Blog post: On the illegality of the Turkish offensive in SyriaPublished 10 October 2019
By Rebecca Mignot-Mahdavi
In a new blog post, Asser Researcher Rebecca Mignot-Mahdavi debunks the self-defense justification that Turkey uses as its warplanes and artillery strike border towns in north-eastern Syria in a bid to reclaim the region from the formerly US-backed Kurdish forces. “The interpretation of the right of self-defense that would have to be articulated to justify the use of force in this occasion is far from reflecting the still most widely accepted interpretation of Article 51 of the UN Charter.”
On Wednesday 9 October 2019, Turkish President Recep Tayyip Erdogan launched an offensive in north-eastern Syria. Erdogan used an (anticipatory) self-defense narrative, explaining that the offensive will “neutralise terror threats against Turkey” (referring both to Syrian Kurdish fighters and ISIS terrorists) in its broader endeavour in the region, i.e. also in Iraq, to “protect its people from terrorist threats and attacks”.
Turkey has long threatened an attack on Kurdish fighters in Syria, and since US president Trump abruptly announced a complete withdrawal of U.S. troops from northern Syria last Sunday, this long-awaited attack was expected to take place imminently. Observers immediately understood Trump’s announcement as a step made to leave room for a military operation by Turkey. The Trump administration, however, promptly framed the operation as fulfilling the promise to depart from an “endless war” paradigm in Syria.
Identifying and Debunking the Turkish Self-Defense Argument
To find out if the Turkish offensive is legal according to international law, I will focus on their self-defense justification, as Article 51 of the UN Charter is the only legal basis explicitly used by Turkey. Although Turkey remains vague on the actual content of their self-defense argument, we can try to figure out its interpretation of Article 51 by analysing the situation.
First of all, it is essential to underline that the Turkish government does not identify a forthcoming attack from the Kurds in northern Syria against its territory. Rather, it generally refers to the continuous imminent threat posed by hostile groups.
The interpretation of the right of self-defense that would have to be articulated to justify the use of force in this occasion is far from reflecting the still most widely accepted interpretation of Article 51 of the UN Charter.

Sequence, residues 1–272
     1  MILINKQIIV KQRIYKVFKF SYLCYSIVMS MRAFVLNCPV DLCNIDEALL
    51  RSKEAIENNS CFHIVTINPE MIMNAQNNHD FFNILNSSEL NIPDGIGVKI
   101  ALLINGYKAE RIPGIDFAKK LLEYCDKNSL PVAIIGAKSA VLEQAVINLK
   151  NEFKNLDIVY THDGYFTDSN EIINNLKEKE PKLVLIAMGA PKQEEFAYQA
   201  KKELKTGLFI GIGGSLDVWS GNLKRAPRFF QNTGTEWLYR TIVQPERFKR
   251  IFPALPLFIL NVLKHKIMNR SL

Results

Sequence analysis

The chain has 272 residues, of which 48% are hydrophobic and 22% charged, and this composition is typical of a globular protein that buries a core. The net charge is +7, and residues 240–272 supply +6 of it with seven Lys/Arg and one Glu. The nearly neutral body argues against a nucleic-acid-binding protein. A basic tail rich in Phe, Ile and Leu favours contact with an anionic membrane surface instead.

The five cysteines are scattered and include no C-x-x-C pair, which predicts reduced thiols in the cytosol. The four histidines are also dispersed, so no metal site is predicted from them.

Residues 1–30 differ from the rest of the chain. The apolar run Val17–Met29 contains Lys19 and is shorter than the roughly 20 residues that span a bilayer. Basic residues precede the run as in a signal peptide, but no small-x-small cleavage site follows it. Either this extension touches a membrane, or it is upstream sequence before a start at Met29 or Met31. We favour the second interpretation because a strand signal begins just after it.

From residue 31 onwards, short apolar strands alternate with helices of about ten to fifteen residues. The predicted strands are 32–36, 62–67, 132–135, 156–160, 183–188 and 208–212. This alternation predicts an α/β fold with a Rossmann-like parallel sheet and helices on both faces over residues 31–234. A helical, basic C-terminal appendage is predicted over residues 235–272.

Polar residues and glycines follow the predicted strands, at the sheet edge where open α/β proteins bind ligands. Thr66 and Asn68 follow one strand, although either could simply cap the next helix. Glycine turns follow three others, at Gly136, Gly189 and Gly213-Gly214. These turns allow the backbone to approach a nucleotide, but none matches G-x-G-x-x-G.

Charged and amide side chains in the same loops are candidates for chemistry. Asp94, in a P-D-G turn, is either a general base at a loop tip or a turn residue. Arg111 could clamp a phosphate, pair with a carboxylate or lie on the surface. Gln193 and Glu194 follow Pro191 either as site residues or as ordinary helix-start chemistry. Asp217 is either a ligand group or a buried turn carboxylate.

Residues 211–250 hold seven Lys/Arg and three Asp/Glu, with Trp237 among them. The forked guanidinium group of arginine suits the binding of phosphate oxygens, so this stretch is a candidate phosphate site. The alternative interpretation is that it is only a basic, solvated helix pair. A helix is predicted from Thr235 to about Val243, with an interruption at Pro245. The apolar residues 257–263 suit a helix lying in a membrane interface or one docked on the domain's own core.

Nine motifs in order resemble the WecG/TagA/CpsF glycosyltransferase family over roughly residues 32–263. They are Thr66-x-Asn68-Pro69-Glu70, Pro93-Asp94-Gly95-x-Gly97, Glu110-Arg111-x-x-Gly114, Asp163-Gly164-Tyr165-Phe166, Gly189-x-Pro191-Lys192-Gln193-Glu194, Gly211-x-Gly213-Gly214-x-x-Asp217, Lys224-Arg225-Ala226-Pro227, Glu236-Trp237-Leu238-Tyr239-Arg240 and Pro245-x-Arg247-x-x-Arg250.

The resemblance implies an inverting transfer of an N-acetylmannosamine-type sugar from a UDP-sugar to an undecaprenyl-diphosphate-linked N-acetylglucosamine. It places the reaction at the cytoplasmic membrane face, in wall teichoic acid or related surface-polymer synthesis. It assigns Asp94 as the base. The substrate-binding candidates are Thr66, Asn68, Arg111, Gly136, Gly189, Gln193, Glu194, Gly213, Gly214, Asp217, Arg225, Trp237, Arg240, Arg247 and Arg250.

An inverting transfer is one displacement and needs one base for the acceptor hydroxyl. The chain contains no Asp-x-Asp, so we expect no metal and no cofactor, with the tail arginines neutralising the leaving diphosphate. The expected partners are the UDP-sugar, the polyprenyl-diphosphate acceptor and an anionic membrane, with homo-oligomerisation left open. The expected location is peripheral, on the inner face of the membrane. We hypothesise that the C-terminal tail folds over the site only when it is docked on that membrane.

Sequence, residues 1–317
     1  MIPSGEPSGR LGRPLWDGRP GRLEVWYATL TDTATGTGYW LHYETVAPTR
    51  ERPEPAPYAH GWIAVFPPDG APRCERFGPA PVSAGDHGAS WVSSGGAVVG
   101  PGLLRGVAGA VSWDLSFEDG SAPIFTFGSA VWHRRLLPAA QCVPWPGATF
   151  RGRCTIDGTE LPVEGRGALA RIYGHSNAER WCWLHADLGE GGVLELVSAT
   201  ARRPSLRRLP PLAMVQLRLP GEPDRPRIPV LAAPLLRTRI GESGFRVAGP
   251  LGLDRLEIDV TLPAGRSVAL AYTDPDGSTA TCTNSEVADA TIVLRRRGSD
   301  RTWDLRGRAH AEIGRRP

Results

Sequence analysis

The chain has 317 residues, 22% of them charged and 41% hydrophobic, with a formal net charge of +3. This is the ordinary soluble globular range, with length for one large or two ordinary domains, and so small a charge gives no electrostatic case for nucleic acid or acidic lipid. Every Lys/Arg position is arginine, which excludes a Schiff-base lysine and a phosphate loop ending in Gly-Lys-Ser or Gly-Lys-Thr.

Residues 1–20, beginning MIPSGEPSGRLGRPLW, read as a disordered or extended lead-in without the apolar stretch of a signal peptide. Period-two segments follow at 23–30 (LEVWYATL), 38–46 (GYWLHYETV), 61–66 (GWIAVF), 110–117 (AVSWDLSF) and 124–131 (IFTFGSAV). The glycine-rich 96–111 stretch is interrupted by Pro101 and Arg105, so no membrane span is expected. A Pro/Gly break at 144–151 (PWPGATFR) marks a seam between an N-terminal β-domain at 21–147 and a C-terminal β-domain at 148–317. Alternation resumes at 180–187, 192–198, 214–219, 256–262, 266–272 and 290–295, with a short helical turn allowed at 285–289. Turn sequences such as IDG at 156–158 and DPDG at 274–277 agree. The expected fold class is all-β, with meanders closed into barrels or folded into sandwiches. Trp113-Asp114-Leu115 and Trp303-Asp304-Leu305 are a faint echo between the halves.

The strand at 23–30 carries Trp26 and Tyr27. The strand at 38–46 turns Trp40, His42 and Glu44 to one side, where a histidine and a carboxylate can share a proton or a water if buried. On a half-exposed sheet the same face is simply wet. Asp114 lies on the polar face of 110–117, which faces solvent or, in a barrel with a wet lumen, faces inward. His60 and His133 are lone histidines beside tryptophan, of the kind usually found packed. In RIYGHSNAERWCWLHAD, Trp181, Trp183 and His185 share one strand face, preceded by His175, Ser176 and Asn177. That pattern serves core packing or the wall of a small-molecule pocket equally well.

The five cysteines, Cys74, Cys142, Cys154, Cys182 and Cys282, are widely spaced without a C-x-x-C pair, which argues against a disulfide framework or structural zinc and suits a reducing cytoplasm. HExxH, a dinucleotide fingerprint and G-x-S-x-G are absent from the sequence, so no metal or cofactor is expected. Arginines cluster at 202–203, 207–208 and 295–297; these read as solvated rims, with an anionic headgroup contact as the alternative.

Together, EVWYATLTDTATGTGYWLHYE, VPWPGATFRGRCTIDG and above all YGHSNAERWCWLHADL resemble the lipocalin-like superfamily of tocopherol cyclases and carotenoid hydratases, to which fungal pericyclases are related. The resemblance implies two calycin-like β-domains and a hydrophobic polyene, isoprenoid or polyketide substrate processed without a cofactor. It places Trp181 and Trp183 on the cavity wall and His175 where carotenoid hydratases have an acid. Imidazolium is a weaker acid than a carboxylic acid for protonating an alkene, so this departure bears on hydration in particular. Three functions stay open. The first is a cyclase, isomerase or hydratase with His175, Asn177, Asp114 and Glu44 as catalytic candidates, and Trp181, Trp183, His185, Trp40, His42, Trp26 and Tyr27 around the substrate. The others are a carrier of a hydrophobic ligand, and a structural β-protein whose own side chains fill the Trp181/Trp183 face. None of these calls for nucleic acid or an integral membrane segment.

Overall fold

The Turkish self-defense argument in this case first requires putting forward an extensive version of the ‘accumulation of events doctrine’: in the absence of an identifiable (forthcoming) armed attack, the only interpretative option is to refer to a series of minor incidents which, taken together, can be said to reach the threshold of an armed attack (the accumulation of events doctrine). But this is still not sufficient to match the context at stake.
Turkey’s choice of the right of self-defense to justify its offensive implies to develop the accumulation of events doctrine as follows: action in self-defense against a group can be taken on the basis of past hostile activity from other groups, which somehow share similar interests, and the propensity of the targeted group to carry an analogous hostile intent that could materialize in an armed attack in the future. By justifying its offensive under Article 51, Turkey reveals that it considers possible to deduce a permanent imminence of armed attacks from past events – not even necessarily perpetrated by the targeted group – that show the continuous hostile intent of the group.
As an effect of this extensive interpretation of the subject-matter limitation of the right of self-defense, the Turkish self-defense argument also requires arguing for an extension of the temporal limitation of the right. Indeed, the self-defense justification in this case implies that even without any concrete indication that attacks will actually occur, force is used to prevent a prospective threat from becoming imminent. This is preventive self-defense.